The note of time in verse 1 is probably to be rendered as in the Revised Version, 'on that day.' The appetite for blood roused by Stephen's martyrdom at once sought for further victims. Thus far the persecutors had been the rulers, and the persecuted the Church's leaders; but now the populace are the hunters, and the whole Church the prey. The change marks an epoch. Luke does not care to make much of the persecution, which is important to him chiefly for its bearing on the spread of the Church's message. It helped to diffuse the Gospel, and that is why he tells of it. But before proceeding to narrate how it did so, he gives us a picture of things as they stood at the beginning of the assault.
Three points are noted: the flight of the Church except the Apostles, the funeral of Stephen, and Saul's eager search for the disciples. We need not press 'all,' as if it were to be taken with mathematical accuracy. Some others besides the Apostles may have remained, but the community was broken up. They fled, as Christ had bid them do, if persecuted in one city. Brave faithfulness goes with prudent self- preservation, and a valuable 'part of valour is discretion.' But the disciples who fled were not necessarily less courageous than the Apostles who remained, nor were the latter less prudent than the brethren who fled. For noblesse oblige; high position demands high virtues, and the officers should be the last to leave a wreck. The Apostles, no doubt, felt it right to hold together, and preserve a centre to which the others might return when the storm had blown itself out.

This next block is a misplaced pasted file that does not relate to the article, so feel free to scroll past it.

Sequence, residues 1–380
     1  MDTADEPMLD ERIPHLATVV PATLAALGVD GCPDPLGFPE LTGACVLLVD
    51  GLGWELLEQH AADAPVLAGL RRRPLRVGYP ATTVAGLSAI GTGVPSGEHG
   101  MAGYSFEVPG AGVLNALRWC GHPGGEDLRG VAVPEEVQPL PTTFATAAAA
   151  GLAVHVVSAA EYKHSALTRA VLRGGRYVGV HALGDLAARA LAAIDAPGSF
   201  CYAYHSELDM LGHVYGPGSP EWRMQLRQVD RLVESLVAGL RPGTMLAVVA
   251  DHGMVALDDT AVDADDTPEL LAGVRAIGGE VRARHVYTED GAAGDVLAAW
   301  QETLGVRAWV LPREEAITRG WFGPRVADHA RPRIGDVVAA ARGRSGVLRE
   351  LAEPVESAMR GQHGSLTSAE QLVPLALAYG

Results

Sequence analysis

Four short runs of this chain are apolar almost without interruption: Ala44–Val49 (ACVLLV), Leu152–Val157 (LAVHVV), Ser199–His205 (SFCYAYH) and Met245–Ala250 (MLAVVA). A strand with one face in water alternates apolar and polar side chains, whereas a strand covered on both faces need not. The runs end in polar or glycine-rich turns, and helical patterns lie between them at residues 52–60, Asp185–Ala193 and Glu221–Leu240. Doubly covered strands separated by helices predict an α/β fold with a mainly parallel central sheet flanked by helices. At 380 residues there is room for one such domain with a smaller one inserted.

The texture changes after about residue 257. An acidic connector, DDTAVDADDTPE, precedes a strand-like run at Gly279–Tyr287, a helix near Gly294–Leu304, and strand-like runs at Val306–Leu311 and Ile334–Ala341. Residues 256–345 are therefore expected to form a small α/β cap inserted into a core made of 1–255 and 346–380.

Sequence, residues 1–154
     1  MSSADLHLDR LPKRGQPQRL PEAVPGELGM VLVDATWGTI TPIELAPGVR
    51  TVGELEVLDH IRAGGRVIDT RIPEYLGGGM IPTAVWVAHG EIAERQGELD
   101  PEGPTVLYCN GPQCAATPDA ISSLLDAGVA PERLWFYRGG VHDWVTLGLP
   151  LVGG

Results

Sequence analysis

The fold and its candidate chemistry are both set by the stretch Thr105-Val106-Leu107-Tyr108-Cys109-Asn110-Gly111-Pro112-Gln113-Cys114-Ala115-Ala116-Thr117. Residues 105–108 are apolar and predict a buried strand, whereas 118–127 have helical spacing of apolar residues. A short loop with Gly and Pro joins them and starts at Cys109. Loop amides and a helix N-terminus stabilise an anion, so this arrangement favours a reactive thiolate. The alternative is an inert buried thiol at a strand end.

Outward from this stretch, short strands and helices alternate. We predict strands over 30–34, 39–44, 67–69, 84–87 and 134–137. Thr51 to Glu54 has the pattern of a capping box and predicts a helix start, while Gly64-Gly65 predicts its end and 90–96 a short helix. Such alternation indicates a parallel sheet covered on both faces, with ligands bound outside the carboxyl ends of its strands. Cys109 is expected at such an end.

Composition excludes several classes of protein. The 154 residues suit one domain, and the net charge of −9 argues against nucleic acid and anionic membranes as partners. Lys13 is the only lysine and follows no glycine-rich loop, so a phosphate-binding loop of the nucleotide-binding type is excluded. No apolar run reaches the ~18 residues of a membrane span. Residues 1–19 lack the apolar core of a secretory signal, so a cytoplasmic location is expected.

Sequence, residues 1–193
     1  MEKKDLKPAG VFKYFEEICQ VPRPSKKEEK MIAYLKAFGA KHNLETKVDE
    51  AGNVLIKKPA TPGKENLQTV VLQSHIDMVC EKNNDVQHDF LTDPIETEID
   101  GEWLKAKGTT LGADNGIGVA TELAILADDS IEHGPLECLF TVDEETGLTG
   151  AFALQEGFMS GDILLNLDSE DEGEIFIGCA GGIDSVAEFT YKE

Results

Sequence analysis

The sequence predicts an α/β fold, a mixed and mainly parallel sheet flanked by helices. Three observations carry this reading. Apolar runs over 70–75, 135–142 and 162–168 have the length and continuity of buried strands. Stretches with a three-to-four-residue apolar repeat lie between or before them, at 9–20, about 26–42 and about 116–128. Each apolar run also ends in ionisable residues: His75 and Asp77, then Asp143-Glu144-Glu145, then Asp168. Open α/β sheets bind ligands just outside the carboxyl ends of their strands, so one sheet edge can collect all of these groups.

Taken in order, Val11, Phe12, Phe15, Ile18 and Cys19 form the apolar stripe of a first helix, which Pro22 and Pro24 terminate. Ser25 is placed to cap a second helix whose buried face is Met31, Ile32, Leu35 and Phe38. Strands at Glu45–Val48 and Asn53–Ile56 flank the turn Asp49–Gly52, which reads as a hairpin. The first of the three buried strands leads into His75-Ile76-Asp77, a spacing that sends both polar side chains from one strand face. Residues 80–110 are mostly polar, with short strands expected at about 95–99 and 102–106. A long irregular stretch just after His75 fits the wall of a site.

In remarkable contrast with the scattering Church are the 'devout men' who reverently buried the martyr. They were not disciples, but probably Hellenistic Jews (Acts ii.5); perhaps from the synagogue whose members had disputed with Stephen and had dragged him to the council. His words or death may have touched them, as many a time the martyr's fire has lighted others to the martyr's faith. Stephen was like Jesus in his burial by non-disciples, as he had been in his death.
The eager zeal of the young Pharisee brought new severity into the persecution, in his hunting out his victims in their homes, and in his including women among his prisoners. There is nothing so cruel as so-called religious zeal. So Luke lifts the curtain for a moment, and in that glimpse of the whirling tumult of the city we see the three classes, of the brave and prudent disciples, ready to flee or to stand and suffer as duty called; the good men who shrunk from complicity with a bloodthirsty mob, and were stirred to sympathy with his victims; and the zealot, who with headlong rage hated his brother for the love of God. But the curtain drops, and Luke turns to his true theme. He picks up the threads again in verse 4, telling of the dispersal of the disciples, with the significant addition of their occupation when scattered, -- 'preaching the word.'